[OT] raw-disks && cooked-disks ?

Wilkinson,Alex Alex.Wilkinson at dsto.defence.gov.au
Fri Feb 22 11:37:45 CST 2002


Thanks Glen.

 - aW

On Thu, 21 Feb 2002, Glen Turner wrote:

glen.t:>>On Thu, 21 Feb 2002, Wilkinson,Alex wrote:
glen.t:>>> What I don't know and find confusing is the difference between mkfs on either a
glen.t:>>> raw disk or a cooked disk.
glen.t:>>
glen.t:>>Traditional UNIXen have
glen.t:>> - a raw device.  Byte 0 is the first byte on the disk.
glen.t:>> - a cooked device, better thought of as a 'formatted' device.  Byte 0
glen.t:>>   is the first byte on the device that is available to user data.
glen.t:>>
glen.t:>>Think of a tape drive with a compulsory tape label.  Writing to byte 0 of
glen.t:>>the raw tape device will overwrite the first byte of the label, but
glen.t:>>writing to byte 0 of the cooked tape device will write to the first byte
glen.t:>>after the label (that is, the first byte of user data).
glen.t:>>
glen.t:>>So we use the cooked device name as input to applications like 'tar', as
glen.t:>>we are writing user data.  But we use the raw device name as input to
glen.t:>>'label', as we are writing the tape's system data.
glen.t:>>
glen.t:>>For disks the distinction gets fuzzier.  After all you access disks by
glen.t:>>filename, not by byte offset.  But you can see how 'mkfs', with its need
glen.t:>>to write superblocks and i-nodes and all sorts of other system stuff,
glen.t:>>needs the raw device name.
glen.t:>>
glen.t:>>Linux broke with the UNIXen tradition and did away with raw devices.
glen.t:>>After all, as we noticed they aren't really needed for using disks and
glen.t:>>Linux was a IBM PC based operating system without an old-fashioned
glen.t:>>compulsory-label tape drive in sight.  So when you use mkfs on Linux you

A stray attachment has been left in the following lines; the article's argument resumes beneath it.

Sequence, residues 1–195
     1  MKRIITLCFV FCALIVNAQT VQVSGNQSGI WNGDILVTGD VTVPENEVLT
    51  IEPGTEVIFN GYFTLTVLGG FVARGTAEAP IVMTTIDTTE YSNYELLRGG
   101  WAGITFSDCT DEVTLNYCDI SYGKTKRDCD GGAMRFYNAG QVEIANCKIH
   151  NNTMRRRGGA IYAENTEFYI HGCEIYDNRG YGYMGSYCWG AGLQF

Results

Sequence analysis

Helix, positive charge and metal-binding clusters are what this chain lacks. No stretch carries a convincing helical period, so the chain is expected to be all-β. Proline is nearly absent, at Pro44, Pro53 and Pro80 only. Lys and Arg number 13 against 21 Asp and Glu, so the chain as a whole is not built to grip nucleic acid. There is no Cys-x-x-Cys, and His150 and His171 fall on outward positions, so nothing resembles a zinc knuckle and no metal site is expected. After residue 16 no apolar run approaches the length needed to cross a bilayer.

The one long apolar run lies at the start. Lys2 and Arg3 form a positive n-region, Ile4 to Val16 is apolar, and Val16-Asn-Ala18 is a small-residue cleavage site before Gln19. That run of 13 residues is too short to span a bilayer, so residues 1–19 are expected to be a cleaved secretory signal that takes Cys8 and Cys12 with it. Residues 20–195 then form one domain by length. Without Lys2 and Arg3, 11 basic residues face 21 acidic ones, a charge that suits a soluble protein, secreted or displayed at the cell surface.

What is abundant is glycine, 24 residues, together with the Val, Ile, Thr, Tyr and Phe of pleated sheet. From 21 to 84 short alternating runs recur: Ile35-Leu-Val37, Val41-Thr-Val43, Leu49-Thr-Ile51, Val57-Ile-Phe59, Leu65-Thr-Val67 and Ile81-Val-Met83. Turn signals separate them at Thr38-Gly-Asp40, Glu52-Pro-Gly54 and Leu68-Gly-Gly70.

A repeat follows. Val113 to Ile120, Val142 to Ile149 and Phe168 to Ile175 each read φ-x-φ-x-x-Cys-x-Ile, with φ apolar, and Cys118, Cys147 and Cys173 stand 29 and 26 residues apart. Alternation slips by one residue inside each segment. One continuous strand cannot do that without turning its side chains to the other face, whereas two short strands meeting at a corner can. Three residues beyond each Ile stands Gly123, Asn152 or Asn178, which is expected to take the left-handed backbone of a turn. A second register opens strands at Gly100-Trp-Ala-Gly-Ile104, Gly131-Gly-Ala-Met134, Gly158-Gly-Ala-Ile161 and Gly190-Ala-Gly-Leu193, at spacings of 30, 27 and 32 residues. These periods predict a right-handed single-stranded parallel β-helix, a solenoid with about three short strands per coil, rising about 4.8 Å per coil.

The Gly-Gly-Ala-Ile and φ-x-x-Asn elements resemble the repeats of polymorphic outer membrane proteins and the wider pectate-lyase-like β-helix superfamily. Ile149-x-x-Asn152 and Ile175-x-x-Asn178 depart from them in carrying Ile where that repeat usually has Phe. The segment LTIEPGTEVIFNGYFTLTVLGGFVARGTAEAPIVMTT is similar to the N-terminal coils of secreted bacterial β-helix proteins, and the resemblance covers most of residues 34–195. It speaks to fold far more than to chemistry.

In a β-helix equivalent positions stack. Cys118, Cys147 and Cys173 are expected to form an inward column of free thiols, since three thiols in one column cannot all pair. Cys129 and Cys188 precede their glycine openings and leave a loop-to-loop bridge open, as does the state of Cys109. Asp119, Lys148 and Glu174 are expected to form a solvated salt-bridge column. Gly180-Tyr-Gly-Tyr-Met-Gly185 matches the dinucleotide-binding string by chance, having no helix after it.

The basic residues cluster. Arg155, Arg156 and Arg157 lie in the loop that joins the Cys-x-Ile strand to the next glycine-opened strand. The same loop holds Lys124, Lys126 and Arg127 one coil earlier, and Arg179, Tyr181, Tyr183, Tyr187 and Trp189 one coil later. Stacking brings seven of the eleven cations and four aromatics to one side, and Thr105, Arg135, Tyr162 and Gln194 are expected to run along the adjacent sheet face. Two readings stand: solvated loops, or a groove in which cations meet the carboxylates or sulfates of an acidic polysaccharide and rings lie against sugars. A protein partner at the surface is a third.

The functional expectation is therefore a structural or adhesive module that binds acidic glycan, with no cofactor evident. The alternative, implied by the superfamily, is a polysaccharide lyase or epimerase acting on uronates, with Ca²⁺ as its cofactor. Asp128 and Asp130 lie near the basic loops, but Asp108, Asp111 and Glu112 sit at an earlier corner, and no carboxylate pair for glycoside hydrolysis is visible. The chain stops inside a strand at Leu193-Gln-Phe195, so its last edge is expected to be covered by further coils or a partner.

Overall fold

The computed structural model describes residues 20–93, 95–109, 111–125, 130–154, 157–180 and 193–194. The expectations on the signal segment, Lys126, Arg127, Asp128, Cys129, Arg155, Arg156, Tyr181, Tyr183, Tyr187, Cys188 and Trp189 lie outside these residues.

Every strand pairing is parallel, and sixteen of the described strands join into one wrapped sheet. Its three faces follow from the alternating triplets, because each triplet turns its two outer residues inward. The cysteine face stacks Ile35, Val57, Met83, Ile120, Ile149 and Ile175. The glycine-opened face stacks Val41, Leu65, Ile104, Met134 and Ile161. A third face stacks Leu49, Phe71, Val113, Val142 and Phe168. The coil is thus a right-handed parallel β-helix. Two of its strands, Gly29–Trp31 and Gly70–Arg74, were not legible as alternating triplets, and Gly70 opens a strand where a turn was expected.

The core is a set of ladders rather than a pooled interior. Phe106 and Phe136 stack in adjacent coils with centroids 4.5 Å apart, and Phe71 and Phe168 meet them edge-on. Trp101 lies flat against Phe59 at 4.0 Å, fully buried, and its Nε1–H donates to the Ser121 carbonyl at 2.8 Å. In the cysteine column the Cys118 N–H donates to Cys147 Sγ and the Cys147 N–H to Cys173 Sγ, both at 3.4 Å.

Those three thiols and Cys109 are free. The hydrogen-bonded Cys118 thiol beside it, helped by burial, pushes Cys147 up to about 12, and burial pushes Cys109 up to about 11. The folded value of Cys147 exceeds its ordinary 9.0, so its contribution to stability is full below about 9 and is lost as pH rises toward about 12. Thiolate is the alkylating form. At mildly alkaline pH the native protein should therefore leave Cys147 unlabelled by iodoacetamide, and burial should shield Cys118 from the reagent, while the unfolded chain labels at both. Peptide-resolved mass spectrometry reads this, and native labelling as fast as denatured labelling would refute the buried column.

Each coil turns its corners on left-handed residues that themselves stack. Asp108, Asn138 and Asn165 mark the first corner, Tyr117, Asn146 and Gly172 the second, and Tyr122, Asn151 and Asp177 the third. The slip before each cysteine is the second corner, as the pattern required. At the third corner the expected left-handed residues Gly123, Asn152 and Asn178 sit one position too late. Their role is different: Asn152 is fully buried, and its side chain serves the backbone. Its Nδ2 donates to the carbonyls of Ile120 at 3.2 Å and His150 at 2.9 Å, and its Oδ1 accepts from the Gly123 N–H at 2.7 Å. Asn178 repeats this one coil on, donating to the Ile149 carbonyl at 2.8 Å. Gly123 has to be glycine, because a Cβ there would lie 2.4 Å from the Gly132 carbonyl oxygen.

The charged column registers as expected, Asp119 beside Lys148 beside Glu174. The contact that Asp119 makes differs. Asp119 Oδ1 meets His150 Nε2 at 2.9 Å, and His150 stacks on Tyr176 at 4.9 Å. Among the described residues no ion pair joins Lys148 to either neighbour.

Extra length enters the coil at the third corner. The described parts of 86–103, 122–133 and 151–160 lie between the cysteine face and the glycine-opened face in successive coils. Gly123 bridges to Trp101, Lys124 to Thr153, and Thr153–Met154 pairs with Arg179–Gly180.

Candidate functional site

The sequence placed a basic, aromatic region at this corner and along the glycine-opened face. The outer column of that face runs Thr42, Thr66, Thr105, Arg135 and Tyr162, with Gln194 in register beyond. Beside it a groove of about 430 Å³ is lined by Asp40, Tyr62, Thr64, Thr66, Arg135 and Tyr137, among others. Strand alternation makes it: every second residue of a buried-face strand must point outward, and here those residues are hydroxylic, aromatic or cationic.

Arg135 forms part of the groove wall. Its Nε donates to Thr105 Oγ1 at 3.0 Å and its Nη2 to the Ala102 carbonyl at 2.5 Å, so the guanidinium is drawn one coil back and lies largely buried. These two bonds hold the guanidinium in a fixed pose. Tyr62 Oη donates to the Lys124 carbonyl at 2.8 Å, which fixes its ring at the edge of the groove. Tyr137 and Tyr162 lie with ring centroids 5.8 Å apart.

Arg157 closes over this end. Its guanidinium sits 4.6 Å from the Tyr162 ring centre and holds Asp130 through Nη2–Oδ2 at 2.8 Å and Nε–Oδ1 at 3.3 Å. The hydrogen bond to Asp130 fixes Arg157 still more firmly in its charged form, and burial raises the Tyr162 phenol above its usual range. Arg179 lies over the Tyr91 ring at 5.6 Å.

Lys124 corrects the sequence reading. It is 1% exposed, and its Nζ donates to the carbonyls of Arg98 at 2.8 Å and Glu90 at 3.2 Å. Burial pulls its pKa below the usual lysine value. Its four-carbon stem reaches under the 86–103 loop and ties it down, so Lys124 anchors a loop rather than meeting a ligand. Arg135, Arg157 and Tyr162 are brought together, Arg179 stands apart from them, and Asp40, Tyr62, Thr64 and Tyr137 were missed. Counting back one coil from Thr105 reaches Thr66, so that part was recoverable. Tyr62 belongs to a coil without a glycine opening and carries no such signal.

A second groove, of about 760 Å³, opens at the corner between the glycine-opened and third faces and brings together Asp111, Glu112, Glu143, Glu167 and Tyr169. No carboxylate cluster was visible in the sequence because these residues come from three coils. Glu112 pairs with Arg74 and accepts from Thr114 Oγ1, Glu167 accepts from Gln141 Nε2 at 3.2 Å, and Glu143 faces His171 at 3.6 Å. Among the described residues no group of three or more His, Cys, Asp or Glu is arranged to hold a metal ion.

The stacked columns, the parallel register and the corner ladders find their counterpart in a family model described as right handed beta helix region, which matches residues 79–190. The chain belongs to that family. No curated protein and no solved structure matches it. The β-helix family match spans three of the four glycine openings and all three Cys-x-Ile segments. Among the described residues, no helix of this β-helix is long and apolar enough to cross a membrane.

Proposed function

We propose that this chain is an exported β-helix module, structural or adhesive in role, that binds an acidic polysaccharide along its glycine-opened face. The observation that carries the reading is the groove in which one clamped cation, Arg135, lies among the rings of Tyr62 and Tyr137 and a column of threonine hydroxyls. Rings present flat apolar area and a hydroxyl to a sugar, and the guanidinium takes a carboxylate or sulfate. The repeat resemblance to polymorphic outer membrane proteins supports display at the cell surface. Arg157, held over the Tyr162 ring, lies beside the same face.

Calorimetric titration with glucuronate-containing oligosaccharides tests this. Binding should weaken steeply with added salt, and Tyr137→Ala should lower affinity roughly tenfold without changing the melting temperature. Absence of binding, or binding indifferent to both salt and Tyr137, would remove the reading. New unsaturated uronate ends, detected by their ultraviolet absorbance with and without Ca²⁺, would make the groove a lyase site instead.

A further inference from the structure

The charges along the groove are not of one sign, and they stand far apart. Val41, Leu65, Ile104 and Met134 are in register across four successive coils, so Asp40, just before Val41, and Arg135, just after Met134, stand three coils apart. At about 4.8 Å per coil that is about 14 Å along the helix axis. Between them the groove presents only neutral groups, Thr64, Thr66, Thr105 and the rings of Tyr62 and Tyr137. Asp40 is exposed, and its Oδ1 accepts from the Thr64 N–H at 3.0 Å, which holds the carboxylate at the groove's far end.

glen.t:>>give the name of the cooked device.
glen.t:>>
glen.t:>>It turns out that not needing raw devices is only sort-of-true.
glen.t:>>User-space filesystems need access to the raw disk device, just like
glen.t:>>kernel filesystems have.  And databases like Oracle work fastest when they
glen.t:>>use their own filesystem.  So later Linux did add raw devices, but in a
glen.t:>>completely different way to all other UNIXen.  Ouch.
glen.t:>>
glen.t:>>> Why does mkfs only work /dev/rdsk/... on IRIX but on others it can
glen.t:>>> work with /dev/dsk/...?
glen.t:>>
glen.t:>>Because this is such a common error and the distinction between raw
glen.t:>>devices and cooked devices is so minor for disks that the program should
glen.t:>>really accept either name and format the disk.  Anything else is just
glen.t:>>pedantic.
glen.t:>>
glen.t:>>> I know that raw disks are character devices and cooked disks are block
glen.t:>>> devices and that by running mkfs on a disk we are creating the
glen.t:>>> a fs with a specfic block size and layout etc...
glen.t:>>
glen.t:>>Whoa.  Devices are classified into character or block.  Think of it as:
glen.t:>>Character devices can only be accessed serially (read character 1, read
glen.t:>>character 2).  With Block devices any block can be retrieved (give me
glen.t:>>block 10 now, without reading block 1,2,3,...,7,8,9 first).
glen.t:>>
glen.t:>>*Access methods* in UNIX are cooked or raw.  In traditional UNIXen the
glen.t:>>access method is indicated by which device you use.  This isn't the only
glen.t:>>alternative: Linux uses an ioctl() directive to set the access method; on
glen.t:>>IBM mainframes you link in differing I/O libraries; VMS has a whole raft
glen.t:>>of access methods, you select the one you want when you OPEN the file.
glen.t:>>
glen.t:>>> But I would have thought you could only create a fs on a character disk ?
glen.t:>>
glen.t:>>You can create a filesystem on blocked or character devices.  Blocked
glen.t:>>devices such as disks are by far the most common in these times.  But
glen.t:>>newer tape technologies are formatted with a filesystem and accessed
glen.t:>>by filename just like disks are.
glen.t:>>
glen.t:>>The Linux kernel has really good filesystem support.  Almost anything that
glen.t:>>can be named can be turned into a filesystem.  smbfs and NFS are
glen.t:>>filesystems that send bytes over a network rather than access disk. davfs
glen.t:>>can be used to access web sites.  Linux itself has a filesystem that is
glen.t:>>used to access the kernel's confguration and counters (procfs, which is
glen.t:>>usually mounted at /proc).
glen.t:>>
glen.t:>>So the filesystem these days isn't really thought of as being restricted
glen.t:>>to any device type.
glen.t:>>
glen.t:>>--
glen.t:>>Glen Turner                                 Network Engineer
glen.t:>> (08) 8303 3936      Australian Academic and Research Network
glen.t:>> glen.turner at aarnet.edu.au          http://www.aarnet.edu.au/
glen.t:>>--
glen.t:>> The revolution will not be televised, it will be digitised
glen.t:>>

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